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Where We Live by John Silveira and Richard Blunt. Photos and commentary from Oregon and New England.

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Archive for the ‘Farmington Valley’ Category


Two Connecticut Icons–Tunxis Sepus and Krell’s Farm

Friday, January 3rd, 2014

The Farmington Valley is located in central Connecticut on the western boundary of Hartford County and the eastern border of Litchfield County. It is defined by the Farmington River which runs through it. This valley is, by simple definition, a lowland floodplain, flanked by the Litchfield Hills on the west and Talcott Mountain on the east. The photo below is a view of the valley from Talcott Mountain. In local terms, Farmington Valley refers to a large watershed covering areas of land from the north central portion of Connecticut into southern Massachusetts. I am most familiar with section running through the towns of Farmington, Avon, Simsbury, Canton and Granby, in Connecticut. Many of my favorite trout fishing spots are on sections of the Farmington River flowing through these towns.

         I live in Farmington, near a patch fertile land on which the Tunxis Indians, a sub Native American tribe of the Saukiogs, established a seasonal village. They named this land Tunxis Sepus, (at the bend of the little river). They thrived here for many years by fishing, farming, trapping and hunting the fertile waters and land in this area. Farmington residents refer to this land today as the “flats,” and it is one of the most productive farming areas in the Valley — shared by both recreational gardeners and professional farmers. This patch of fertile land supports the crops of at least five mid-size working farms and the 225 Community Garden Plots (Kolp Gardens) sponsored by the town of Farmington. For the past 20 years I have been a daily visitor to this area, especially during the planting season. By the first of March, all of the garden plots are leased and latecomers are placed on a waiting list. The ground in much of Connecticut, along the rivers, is Windsor soil, named for the town of Windsor, one of the oldest towns in the state, famous for growing high quality tobacco used as the outer wrapping for the world’s finest cigars. Windsor soils  are very deep, well drained, fertile loamy sand soils, formed by glacial meltwater and windblown deposits. The combination of this soil and the clean water from the Farmington River makes this Community Garden one of the largest and most popular in the state. Another attraction is that the town of Farmington employed the extensive knowledge and experience of the farming professionals at Krell’s Farm to manage and care for the soil.

A brief history of farming in Connecticut

Early European settlers found nearly all of Connecticut covered by forest. For at least 1000 years prior to the arrival of these settlers, these forests were maintained by the Native Americans. Their efforts resulted in suitable habitat for game species on which they subsisted. In 1640, Pilgrims from Essex, England, seeking land to enlarge their settlement in Farmington, bought a patch of land from the Tunxis Tribe and renamed the area “the Plantation at Tunxis”. The land consisting of about 225 square miles was incorporated as the Town of Farmington in 1645 by an act of the Connecticut General Assembly. The townspeople and the Tunxis tribe lived here together peacefully for years. Under the agreement, the settlers plowed the land, and the Native Americans cut wood for fuel and traded their corn and hides. For the following hundred years the main occupation in this town was farming. The settlers shared the meadow, raising corn, rye, barley and other crops. They also pastured cattle and sheep in the hills above the village. By 1700, the community also attracted carpenters, blacksmiths, tailors, shoemakers, tanners, and coopers (those who make and repair wooden casks and tubs). After this, the landscape across Connecticut began to changed dramatically. The settlers began clearing the land and building small subsistence farms. By the early 1800s, Connecticut’s extensive forests were mostly cleared to be replaced by thousands of small farms and towns that were built using the harvested wood for homes, barns, furniture and fuel.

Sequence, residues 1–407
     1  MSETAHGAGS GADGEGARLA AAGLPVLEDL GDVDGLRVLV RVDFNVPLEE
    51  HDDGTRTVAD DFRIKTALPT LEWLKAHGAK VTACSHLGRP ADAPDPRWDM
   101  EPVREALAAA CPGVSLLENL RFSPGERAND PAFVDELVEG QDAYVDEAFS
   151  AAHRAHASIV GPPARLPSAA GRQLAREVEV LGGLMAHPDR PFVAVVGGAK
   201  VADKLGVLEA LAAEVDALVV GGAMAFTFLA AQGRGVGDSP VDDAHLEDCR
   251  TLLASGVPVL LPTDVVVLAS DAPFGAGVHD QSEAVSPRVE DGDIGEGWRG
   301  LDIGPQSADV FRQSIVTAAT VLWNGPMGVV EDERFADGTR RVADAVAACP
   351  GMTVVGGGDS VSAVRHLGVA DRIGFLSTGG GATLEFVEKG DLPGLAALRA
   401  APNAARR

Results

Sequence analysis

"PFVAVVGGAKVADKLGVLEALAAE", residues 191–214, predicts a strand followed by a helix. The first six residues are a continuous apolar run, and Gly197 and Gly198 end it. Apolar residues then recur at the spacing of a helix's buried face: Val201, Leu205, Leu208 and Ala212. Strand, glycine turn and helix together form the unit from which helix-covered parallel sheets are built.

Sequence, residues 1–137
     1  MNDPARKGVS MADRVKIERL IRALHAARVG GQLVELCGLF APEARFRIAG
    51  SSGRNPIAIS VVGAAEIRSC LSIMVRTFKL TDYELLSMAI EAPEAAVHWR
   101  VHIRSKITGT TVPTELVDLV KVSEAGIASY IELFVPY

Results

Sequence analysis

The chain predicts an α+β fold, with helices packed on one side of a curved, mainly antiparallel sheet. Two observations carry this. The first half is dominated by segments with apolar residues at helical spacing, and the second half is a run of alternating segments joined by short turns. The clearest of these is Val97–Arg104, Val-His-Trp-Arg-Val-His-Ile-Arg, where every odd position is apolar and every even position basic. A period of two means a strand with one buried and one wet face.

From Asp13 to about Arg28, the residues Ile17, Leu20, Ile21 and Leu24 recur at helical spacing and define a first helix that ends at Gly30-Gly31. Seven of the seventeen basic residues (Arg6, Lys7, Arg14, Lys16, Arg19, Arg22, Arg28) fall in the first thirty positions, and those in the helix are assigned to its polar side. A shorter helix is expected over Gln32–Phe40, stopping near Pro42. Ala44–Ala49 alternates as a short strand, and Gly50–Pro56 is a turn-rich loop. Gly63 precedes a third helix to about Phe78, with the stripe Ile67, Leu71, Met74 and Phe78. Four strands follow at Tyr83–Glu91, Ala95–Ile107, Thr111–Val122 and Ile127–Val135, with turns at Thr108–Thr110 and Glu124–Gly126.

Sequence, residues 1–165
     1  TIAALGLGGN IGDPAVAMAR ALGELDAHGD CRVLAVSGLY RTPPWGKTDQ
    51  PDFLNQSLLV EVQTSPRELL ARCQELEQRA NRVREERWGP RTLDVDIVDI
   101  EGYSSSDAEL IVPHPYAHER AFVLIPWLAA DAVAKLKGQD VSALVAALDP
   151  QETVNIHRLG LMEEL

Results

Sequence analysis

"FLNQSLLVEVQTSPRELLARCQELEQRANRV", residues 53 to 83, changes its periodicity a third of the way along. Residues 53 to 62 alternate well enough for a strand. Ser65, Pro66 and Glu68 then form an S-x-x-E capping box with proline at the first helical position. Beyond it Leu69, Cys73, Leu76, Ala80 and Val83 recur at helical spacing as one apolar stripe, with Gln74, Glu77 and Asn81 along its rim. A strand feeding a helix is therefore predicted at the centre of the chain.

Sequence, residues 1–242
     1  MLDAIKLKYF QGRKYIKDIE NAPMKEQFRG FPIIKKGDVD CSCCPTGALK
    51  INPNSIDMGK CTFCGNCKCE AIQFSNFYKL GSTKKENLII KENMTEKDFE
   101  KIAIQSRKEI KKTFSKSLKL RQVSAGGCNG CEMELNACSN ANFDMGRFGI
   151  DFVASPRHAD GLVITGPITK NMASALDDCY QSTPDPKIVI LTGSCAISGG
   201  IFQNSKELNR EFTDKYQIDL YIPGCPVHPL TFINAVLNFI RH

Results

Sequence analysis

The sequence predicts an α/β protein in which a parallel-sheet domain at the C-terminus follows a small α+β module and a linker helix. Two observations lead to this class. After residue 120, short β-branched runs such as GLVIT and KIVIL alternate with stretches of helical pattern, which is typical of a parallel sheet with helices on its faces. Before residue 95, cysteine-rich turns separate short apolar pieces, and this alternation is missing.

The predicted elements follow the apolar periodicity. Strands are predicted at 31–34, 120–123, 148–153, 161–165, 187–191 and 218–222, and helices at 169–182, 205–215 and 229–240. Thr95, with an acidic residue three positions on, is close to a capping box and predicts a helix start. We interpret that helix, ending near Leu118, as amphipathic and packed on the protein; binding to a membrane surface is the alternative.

By 1820, only about 25 percent of Connecticut’s forest remained. Forests once thought to be unlimited had disappeared. The state began to experience soil erosion that muddied creeks and caused widespread timber shortages. Indigenous wildlife, like black bear, elk, mountain lion, white-tailed deer, quail and grouse, disappeared from most of the state. Farming, however, continued to flourish until the Erie Canal, linking the Great Lakes to the Atlantic seaboard, was completed in 1825. Within two decades of this event the small stony farms of Connecticut were unable to compete with the larger well-mechanized farms of New York and the Ohio Valley. Farmers left marginal farms to take jobs in the cities that were created by the growth of manufacturing. This abandoned farmland soon began reverting to forest, and this process has continued, causing a decline in farmland to the present day. However, the state is beginning to reverse this trend and is establishing effective programs to preserve its farmland. Today, Connecticut has approximately 4,200 farms which encompass 360,000 acres. On average, each farm has only 40% of its acreage devoted to crop production. The remainder usually consists of woodlands and wetlands. At first glance, these numbers seem small, but a closer look shows that over the past few years, public interest in foods produced by the local farms in this valley has skyrocketed. To meet the demand for these foods, the number of small to mid-size  farms have been on a slow but steady increase since 2002. Farm stands, both seasonal and year-round, are also increasing and most seem to be doing well.

Most of the farm land in the Tunxis “flats” belongs to the town of Farmington. There is, however, an eleven-acre patch in the north/west corner that is privately owned, and is farmed by two brothers. The remainder is leased and planted by several professional farming families and the recreational gardeners of Kolp Gardens. One of the professional farmers contracts with the town to prepare the gardens each year for planting. The farmer plows the soil, then conditions it by applying carefully calculated amounts of lime and fertilizer.

A view of the Farmington Valley from Talcott Mountain State Park.

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Here the river is flowing west as it approaches the “flats.” A few yards past this point, it turns south/east and runs along the “flats” for about a mile.